I've come to the conclusion that the reason I don't get things done is the fact that I am easily distracted. Are you organised ......I wish Yesterday I was on a bean picking mission down at the Mill. We've actually had runner beans to eat (out of the poly tunnel) since the end of May and then sowed a late row down the Mill about the middle of June. After that much needed shower of rain one night last week, they have come on leaps and bounds. Hence the Friday freezer pick mission. Wasn't it a fantastic day weather wise . Of course, I had to stop in the middle of it like I do and watch in awe, a bumble bee doing his rounds. I don't know why but these fantastic little insects fascinate me. They never stop do they.

Runner beans all picked and a bit of a meander down to edge of the field. Lean on the gate and watch the world stand still. I couldn't help but  think that this is what I want of my life and the best bit of all is now.

A walk back along the edge of the stream then take my haul back home.

'What shall we have for dinner tonight?'
'How about some runner beans for a change.'
'Oh please no!'
Have a good weekend

Monday, 19 September 2011

Treasure Huntin'

Over At Olive's  I've just been reading about a gorgeous vase she found at a church sale for just four dollars. I found a vase I really liked at a village car boot a bit back and I wanted to show Olive the picture of it.

This is a turquoise colour too although the finish is matt rather than glazed.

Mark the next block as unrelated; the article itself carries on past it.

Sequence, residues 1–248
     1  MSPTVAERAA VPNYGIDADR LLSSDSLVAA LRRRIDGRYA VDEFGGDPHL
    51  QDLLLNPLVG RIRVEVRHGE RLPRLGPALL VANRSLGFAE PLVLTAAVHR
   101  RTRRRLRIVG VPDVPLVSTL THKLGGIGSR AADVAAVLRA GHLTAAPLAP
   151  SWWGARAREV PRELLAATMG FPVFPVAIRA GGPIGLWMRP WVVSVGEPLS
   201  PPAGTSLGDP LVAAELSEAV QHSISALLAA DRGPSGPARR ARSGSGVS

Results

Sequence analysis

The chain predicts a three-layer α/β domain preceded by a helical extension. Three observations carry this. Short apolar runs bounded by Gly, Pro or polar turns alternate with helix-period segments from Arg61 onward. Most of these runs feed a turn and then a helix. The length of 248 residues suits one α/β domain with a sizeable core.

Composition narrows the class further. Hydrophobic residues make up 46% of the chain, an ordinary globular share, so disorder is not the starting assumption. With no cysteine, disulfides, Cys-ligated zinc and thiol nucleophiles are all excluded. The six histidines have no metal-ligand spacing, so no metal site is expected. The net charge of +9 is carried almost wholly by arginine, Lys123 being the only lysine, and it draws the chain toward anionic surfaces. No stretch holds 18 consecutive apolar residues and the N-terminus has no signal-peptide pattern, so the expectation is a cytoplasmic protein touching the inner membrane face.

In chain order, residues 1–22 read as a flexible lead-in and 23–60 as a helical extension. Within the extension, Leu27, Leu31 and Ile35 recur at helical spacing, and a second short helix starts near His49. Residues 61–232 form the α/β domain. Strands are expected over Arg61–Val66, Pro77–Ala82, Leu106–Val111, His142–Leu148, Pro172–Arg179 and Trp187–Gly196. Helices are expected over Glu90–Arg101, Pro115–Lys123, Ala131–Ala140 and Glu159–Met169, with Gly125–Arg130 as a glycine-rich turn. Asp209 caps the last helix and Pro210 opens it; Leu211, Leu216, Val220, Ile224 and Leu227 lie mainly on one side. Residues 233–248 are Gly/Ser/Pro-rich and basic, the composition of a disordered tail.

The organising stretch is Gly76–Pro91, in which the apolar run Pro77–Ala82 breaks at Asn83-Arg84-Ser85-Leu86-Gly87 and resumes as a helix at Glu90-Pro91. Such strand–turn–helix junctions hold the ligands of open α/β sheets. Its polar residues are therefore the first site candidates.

It has the words 'Harford Made in England' stamped on the base.

 I've looked it up on Google but haven't found out very much about it. So was just wondering if anybody else could give me any information. I think I paid about £3 at the time (last of the big spenders, me)  but it's something I've always liked.
'Whatever floats your boat.' as they say!

Saturday, 17 September 2011


Do you like herbs? I love them. I'd like to say that I've got a dedicated herb garden but not so.  My herb plants are a bit 'please yourself' and grow wherever they have a mind to. The above picture depicts a clump of chive seed heads growing along the outside of the poly tunnel. The sun has been playing a game of hide and seek today. I just managed to capture the brief shadows against the plastic so this is to be my effort for Shadow Shot Sunday. Note to self - must remember to collect the seeds before they fall.

The next one is Borage. I don't know how these arrived in my garden but I suspect they cadged a lift in a packet of 'Cottage Garden Mixture' seeds. This one has made its home in a sandstone trough outside the back door.

There's one growing between the concrete slabs below the trough. Look how it's stretched it's shadow.

Then I've got a clump of parsley growing  amongst the parsnips and marrows in the top tunnel.

And sage at the edge of the path.

There's a little bed of mint just outside the door of the other poly.

And apple mint that's growing anywhere and everywhere.

We have a  gnarled old bay tree in the garden that's stayed put for many a long year.

This is my latest addition - a pot of Basil I bought a few weeks ago for pence from the local supermarket. I potted it up into a bigger pot today. Wonderful for adding to all those tomato recipes. One of these days I WILL have a proper herb garden but in the meantime have a brilliant weekend and a Happy Shadow Shot Sunday xx